Sticky Situation

October 23, 20190

I am commonly asked about sugar intake, and of course have heard of diets that restrict sugar (in all forms) or have a 30-day “detox approach” from it. This topic is one that many have drawn a line in the sand on and can be rather confrontational about a challenge to their stance. I encourage respectful debate, as with anything I post, but here goes my take on sugar.

First off, a few of the common myths touted as truth about what happens when you consume sugar:

  • Eating sugar causes a large release of insulin which makes you fat regardless of caloric intake
  • All sugar is bad, whether it comes from candy or a piece of fruit
  • Sugar is just as addictive as cocaine (This was in a documentary, it must be true)

So, if those are myths, what is the truth?

Sugar will not make you fat if you control your energy balance (calories in vs. calories out), eat a balanced diet emphasizing whole foods, and find ways to move daily and stay active.

What about those myths?

Yes, eating sugar does create a spike in insulin. That does not mean weight gain will occur along with it. In fact, insulin levels regularly fluctuate all day long from foods consumed and for other reasons. It still holds true that caloric balance is what matters most for weight gain / loss.

What about the position that sugar is bad, no matter the source? This one is a bit more complicated, so bear with me as I try to summarize. Refined, or added sugars, are commonly found in processed foods. To form a mental picture; think of donuts, cake, and chocolate. These foods are high in calories while containing a minimal amount of nutrients (calorie dense). Typically, processed foods will provide an immediate sugar rush, but that goes away just as quickly as it appears. On the other hand, we have naturally occurring sugars as found in fruits (fructose). Some fruits have a higher natural sugar content, but they also offer the benefits of fiber and micronutrients (vitamins and minerals). I’m not debating how the body processes sugar from the differing sources but do feel that there is a drastic difference between eating habits that come from a diet based on the high palatability of processed foods / sugars. More on this later…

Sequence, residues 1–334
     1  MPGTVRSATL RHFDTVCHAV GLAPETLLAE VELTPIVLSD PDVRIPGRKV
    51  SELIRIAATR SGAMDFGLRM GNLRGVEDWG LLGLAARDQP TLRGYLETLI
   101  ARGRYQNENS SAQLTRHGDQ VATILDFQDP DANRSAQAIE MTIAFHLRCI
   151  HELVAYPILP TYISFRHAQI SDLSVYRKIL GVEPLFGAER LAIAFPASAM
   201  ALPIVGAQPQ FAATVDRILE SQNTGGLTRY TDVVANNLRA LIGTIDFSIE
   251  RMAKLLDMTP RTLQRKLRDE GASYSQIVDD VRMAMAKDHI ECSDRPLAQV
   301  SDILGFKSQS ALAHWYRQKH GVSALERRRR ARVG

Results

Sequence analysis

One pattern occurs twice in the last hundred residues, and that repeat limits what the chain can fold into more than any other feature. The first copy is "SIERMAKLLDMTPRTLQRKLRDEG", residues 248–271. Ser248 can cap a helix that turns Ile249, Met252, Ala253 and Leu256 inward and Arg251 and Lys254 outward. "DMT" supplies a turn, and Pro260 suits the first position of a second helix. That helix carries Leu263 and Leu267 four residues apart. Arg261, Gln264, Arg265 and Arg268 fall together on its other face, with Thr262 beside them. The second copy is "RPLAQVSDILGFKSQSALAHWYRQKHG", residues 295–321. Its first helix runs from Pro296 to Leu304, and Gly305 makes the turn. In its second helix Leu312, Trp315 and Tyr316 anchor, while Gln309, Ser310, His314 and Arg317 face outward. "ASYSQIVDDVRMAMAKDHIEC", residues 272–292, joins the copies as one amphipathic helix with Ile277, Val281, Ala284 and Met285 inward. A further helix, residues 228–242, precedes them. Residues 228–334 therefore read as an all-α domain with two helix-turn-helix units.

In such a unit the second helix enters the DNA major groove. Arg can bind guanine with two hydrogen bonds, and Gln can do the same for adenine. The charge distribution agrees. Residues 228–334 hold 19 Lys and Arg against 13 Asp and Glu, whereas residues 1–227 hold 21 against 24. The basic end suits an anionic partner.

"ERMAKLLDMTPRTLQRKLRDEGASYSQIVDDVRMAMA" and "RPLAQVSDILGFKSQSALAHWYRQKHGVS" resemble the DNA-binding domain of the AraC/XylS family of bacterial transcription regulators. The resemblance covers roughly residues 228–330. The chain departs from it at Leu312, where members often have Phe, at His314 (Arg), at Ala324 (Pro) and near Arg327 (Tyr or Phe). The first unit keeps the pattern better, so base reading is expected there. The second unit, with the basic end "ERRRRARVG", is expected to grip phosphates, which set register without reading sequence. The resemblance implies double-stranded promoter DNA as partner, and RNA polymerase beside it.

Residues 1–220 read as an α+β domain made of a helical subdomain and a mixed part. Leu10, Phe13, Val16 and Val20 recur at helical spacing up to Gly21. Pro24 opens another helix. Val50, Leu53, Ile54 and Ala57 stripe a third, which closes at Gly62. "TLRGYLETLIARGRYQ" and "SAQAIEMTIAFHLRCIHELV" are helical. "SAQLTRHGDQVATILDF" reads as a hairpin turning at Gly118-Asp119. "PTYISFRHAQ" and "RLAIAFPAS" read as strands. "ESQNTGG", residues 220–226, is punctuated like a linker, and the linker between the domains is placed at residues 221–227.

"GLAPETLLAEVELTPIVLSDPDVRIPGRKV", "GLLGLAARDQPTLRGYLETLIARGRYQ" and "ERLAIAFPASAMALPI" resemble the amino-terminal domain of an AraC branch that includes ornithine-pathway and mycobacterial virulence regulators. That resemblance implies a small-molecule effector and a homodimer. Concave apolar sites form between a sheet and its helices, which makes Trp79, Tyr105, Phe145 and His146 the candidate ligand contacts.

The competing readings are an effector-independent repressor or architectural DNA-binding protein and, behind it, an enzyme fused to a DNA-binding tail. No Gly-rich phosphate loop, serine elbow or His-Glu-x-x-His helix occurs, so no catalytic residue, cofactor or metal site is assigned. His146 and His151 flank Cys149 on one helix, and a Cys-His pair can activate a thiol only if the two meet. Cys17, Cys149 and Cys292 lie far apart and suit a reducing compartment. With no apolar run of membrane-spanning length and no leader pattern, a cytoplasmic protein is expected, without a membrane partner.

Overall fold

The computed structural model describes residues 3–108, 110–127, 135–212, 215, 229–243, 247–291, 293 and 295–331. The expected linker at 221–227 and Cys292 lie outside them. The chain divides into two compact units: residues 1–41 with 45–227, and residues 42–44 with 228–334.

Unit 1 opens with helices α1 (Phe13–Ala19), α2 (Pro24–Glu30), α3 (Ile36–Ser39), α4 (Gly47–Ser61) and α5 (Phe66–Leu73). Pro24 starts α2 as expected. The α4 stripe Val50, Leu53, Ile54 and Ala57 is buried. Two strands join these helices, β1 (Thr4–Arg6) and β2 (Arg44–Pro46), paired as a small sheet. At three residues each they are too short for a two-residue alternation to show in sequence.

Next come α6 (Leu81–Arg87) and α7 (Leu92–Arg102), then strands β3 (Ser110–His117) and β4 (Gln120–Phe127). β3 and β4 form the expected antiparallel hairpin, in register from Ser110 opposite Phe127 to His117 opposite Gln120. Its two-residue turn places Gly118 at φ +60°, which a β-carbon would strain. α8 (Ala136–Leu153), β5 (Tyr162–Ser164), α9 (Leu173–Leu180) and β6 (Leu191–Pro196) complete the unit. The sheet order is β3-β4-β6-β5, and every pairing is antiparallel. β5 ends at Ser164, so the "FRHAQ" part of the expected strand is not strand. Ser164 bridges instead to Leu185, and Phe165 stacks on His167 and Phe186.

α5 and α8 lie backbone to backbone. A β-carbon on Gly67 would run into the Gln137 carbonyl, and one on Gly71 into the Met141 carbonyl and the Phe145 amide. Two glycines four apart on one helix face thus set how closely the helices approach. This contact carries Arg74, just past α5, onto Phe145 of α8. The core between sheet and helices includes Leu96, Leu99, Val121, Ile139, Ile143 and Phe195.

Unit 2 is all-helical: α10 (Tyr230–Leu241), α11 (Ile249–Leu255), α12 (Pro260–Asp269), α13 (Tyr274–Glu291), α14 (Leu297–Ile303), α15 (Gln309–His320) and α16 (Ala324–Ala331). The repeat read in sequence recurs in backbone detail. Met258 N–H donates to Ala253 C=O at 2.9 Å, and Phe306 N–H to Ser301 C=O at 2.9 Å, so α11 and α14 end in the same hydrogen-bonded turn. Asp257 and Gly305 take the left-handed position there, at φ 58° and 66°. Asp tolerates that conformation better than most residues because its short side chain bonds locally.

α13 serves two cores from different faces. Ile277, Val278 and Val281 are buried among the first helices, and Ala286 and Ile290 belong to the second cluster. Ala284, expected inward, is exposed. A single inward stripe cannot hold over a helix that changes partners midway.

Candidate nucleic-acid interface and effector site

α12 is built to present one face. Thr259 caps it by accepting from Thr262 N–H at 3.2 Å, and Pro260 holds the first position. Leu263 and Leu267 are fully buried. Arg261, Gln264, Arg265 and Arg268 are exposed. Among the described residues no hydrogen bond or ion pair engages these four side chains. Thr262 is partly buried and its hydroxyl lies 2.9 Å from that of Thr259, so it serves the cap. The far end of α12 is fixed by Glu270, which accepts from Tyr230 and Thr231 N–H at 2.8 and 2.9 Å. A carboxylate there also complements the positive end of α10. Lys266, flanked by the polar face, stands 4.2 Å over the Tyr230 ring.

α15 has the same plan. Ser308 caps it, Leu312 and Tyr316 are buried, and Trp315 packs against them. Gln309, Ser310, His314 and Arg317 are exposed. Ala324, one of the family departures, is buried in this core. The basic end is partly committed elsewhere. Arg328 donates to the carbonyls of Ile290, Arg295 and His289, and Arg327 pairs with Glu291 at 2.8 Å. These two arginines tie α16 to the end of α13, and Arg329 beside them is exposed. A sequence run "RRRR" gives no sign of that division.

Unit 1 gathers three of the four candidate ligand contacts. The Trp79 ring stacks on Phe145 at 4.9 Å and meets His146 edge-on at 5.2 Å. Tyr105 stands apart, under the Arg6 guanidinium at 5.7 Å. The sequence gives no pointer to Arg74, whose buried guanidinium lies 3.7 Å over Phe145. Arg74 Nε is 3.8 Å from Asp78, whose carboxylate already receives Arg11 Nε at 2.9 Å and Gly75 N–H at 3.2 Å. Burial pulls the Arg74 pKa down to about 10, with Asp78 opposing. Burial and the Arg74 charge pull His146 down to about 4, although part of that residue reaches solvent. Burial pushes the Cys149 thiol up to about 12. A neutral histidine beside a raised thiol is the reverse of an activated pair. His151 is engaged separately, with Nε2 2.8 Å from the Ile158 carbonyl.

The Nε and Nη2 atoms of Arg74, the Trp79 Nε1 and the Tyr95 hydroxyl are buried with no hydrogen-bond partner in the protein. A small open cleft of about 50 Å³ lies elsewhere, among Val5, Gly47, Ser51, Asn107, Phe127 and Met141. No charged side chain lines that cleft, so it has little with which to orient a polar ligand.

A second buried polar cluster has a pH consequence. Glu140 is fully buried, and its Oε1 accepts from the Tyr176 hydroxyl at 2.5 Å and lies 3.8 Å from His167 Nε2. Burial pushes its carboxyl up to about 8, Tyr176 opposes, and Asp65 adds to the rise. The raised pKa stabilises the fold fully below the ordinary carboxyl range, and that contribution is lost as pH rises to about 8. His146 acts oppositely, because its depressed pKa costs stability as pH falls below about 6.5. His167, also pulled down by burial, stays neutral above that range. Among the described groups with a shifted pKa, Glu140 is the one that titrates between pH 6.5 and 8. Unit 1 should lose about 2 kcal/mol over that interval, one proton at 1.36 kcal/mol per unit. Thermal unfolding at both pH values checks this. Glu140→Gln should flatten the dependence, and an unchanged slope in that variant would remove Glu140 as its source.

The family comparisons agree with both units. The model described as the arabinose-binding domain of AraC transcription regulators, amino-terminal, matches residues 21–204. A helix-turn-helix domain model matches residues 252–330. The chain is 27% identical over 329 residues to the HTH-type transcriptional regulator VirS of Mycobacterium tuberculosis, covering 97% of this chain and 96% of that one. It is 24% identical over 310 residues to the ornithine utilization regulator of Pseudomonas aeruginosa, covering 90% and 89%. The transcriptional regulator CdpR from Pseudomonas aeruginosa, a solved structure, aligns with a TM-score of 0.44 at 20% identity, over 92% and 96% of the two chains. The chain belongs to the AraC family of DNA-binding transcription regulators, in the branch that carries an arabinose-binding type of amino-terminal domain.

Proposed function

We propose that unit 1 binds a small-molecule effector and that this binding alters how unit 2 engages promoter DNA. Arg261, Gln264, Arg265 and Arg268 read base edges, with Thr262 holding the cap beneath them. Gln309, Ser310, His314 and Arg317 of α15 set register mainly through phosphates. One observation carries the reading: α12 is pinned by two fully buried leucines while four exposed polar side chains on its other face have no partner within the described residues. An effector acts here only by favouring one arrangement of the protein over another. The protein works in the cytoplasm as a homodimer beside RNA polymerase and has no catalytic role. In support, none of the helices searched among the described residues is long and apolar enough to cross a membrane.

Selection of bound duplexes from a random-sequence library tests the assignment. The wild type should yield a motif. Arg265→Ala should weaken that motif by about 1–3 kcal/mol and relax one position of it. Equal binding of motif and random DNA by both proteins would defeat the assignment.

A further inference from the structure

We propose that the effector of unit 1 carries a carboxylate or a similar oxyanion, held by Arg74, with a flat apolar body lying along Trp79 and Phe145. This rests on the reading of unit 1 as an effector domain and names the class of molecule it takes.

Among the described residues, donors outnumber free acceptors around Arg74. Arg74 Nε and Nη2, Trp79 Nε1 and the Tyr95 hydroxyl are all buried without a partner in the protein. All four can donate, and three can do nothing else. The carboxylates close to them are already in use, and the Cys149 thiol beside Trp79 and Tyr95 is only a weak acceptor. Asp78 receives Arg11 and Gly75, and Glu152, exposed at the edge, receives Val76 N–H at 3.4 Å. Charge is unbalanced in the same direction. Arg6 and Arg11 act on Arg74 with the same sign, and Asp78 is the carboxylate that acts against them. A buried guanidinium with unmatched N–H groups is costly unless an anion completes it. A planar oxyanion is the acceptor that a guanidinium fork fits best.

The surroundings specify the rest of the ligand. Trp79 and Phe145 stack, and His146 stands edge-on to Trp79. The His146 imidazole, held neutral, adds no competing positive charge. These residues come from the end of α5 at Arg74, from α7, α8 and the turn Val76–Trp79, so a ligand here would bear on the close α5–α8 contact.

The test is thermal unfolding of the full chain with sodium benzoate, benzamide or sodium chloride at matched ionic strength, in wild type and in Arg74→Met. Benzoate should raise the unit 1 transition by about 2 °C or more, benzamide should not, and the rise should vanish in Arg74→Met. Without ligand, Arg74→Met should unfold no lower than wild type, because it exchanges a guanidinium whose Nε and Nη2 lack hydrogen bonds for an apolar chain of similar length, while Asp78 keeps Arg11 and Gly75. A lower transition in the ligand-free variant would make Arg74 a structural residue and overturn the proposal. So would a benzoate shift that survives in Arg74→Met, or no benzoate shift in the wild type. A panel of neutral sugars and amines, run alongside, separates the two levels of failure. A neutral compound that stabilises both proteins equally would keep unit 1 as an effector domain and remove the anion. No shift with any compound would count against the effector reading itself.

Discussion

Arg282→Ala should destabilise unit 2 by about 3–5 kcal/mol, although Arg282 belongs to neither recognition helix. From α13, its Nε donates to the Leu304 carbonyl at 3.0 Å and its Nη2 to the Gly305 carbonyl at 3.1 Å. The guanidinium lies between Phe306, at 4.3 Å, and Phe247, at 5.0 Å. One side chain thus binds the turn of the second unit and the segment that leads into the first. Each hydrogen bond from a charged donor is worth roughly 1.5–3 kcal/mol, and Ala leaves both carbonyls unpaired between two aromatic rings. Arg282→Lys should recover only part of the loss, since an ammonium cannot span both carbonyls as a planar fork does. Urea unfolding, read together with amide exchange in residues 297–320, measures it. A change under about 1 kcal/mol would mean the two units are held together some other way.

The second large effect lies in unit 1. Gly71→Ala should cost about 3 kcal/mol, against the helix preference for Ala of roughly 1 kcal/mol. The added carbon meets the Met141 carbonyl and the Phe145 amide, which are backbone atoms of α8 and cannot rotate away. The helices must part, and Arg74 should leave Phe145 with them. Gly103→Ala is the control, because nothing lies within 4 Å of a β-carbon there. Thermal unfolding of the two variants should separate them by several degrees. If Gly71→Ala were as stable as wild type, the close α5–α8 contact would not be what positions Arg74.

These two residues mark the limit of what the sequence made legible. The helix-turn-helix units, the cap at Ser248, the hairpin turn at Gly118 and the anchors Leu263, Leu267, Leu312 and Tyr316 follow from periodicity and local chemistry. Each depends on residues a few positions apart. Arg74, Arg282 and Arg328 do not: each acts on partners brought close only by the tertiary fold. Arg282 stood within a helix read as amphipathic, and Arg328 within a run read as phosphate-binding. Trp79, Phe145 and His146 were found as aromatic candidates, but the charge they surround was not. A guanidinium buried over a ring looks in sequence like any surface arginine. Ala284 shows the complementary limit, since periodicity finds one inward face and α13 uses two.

Sugar is as addictive as cocaine, Netflix told me so! I need a whole sub-section for this one:

What about sugar addiction?

I must respectfully disagree with the correlation equals causation approach behind stating sugar (as a sole ingredient) is addicting. I will agree that there should be an emphasis on balanced nutrition focusing primarily on whole, minimally processed foods. And sugar indeed elicits a pleasure response in the brain as shown in brain maps after consumption. However, the addiction is too savory/sweet foods high in sugar and high fructose corn syrup most typically also fat. With the caveat that fat acts less in reward pathways. As such, I’m siding with the science on this topic that sugar, on its own, is not addictive.

It isn’t like people are carrying around sugar packets in their pockets

I cannot recall where I heard that prior quote from, but it is not only funny …but true.

Eating behaviors / eating addictions and mechanisms around them need to be addressed. Overall, as noted, I agree with minimizing refined sugar and eating whole foods. Here are the documents behind my stance regarding addiction:

Wrap Up

Different foods have varying effects on satiety. Highly palatable foods (generally combinations of fat and simple sugars) make you want to eat more compared to whole, unprocessed foods, thus altering the energy balance equation in favor of weight gain. When it comes to weight management, energy balance is king. If one desires to reduce body fat you will likely need to address sugar intake, and consuming the right type of foods will be key in that effort, such as fruits over processed options. In moderation, sugar is not nearly as harmful as many have been led to believe.

These statements are in reference to sugar intake for those whom aren’t diagnosed with a specific condition (diabetes, high blood pressure, IBS) and are otherwise considered in good health. As with any nutritional approach, each individual and their circumstances are unique and may require a path different than that of another.

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